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UK police forces should address both the challenges and the opportunities brought by the internet of things (IoT), according to a TechUK report.
The report highlights a number of steps UK police forces should take to create a “digitally skilled” police force, ready for the rise of IoT-enabled devices and technology.
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This includes improving digital skills across the police, giving officers on the ground “greater confidence in using technology”, particularly when it comes to cyber crime, the report said.
“The capability of first-responders is crucial in building the public’s trust and confidence in the police’s ability to tackle cyber crime,” it said. “This is important if victims are to be encouraged to report these crimes, especially as cases of online crime grow with the IoT.
“Embedding of digital skills throughout key policing education and development – both as a standalone module and throughout wider teaching – will give more officers greater confidence in exploiting technology.”
This would include a focus on digital forensics, cyber crime and data analytics, which should all be embedded across the curriculum, “with each part requiring an associated level of digital awareness”, the report said.
TechUK also called for the police to partner with industry and academia to access specialist external skills and capabilities. Commenting on the report, Richard Berry, chief officer lead for the National Police Chiefs’ Council’s digital investigation and intelligence programme, said the digital environment “presents a number of challenges for public safety and the prevention and detection of crime”.
“Police forces across the country have already adapted locally and there are many pockets of good practice. However, digital challenges can be different to those previously familiar to many in policing,” said Berry.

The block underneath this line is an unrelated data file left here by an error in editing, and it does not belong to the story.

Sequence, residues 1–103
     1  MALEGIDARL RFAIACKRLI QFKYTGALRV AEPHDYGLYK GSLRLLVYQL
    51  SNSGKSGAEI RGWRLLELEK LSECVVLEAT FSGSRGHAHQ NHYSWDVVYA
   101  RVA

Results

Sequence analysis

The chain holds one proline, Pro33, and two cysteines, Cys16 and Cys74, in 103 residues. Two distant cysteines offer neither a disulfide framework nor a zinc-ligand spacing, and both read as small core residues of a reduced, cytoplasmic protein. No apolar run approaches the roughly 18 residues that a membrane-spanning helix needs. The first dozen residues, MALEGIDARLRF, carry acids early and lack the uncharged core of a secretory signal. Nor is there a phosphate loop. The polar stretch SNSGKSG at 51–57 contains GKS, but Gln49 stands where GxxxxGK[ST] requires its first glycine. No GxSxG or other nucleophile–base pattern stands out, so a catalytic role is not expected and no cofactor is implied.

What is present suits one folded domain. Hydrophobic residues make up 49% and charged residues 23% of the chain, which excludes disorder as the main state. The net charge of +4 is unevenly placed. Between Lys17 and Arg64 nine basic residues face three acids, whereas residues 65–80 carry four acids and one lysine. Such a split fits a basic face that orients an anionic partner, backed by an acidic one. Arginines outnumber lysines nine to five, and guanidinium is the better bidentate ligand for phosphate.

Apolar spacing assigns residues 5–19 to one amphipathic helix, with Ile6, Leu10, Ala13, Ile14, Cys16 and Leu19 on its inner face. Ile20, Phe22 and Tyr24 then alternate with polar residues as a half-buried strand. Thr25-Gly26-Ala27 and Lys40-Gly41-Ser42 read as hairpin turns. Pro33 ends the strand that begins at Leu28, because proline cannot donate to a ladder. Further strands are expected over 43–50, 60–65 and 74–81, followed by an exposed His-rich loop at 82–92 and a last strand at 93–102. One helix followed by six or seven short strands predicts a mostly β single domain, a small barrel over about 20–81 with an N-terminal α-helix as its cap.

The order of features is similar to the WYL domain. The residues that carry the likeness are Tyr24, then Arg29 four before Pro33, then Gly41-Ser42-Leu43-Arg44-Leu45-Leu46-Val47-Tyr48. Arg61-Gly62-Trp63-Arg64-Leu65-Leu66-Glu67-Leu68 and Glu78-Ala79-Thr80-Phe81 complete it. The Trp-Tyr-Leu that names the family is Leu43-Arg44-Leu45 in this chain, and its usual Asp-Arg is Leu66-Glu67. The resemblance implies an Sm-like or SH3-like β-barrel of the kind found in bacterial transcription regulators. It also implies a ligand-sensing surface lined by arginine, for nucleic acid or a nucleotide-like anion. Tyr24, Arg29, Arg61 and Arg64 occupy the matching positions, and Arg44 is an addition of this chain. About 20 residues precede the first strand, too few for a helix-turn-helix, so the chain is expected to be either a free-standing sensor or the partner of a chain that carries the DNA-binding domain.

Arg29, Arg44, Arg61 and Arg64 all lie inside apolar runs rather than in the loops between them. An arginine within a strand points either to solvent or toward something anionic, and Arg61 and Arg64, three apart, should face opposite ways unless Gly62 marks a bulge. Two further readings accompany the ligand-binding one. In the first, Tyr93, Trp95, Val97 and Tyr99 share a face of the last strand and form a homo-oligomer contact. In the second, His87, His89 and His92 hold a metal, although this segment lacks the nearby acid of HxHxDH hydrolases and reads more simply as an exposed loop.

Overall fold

“Working in new partnerships will help the police service discover and respond to threats and opportunities better and, in particular, closer working with industry will be critical.
“In order to fight crime in the digital age, it is vital that police have a good understanding of market capabilities. It will be important to ensure a regular exchange of ideas is facilitated, for police and industry to work collaboratively in responding to new crime and security issues.”
IoT as a crime deterrent
Although IoT devices present a growing security risk, particularly when it comes to private information – such as connected devices that hold personal data, and smart home devices to which a burglar could potentially gain access to figure out when a person is not home – the IoT also brings opportunities for police forces.
“IoT devices ranging from home security systems to sensors across smart cities will help enable police to know, in the most serious crimes, where a suspect was, who they were with and what they were doing,” the report said.
“Some have theorised that this may indeed act as a deterrent, as criminals know they have a far more likely chance of being caught. Clearly, the potential gains in public safety have to be balanced with privacy and ethics concerns.
“Many advanced technologies being trialled are in early developmental stages. However, it is undeniable that new technologies offer potential for the police to provide superior public safety to their communities.”
With the growing presence of digital devices, most crimes now leave a “digital footprint”, the report added. This gives police the opportunity to acquire third-party data and to interrogate new data in real time.
Henry Rex, TechUK’s programme manager for justice and emergency services, said police forces need to acquire the right technology to do their work effectively in a digital world.
“If the police can get to grips with the IoT now, they will not only be able to mitigate against potential threats, but will also be able to seize the opportunity,” he said. “An IoT-enabled police force would lead to increased efficiency and enhanced public safety.”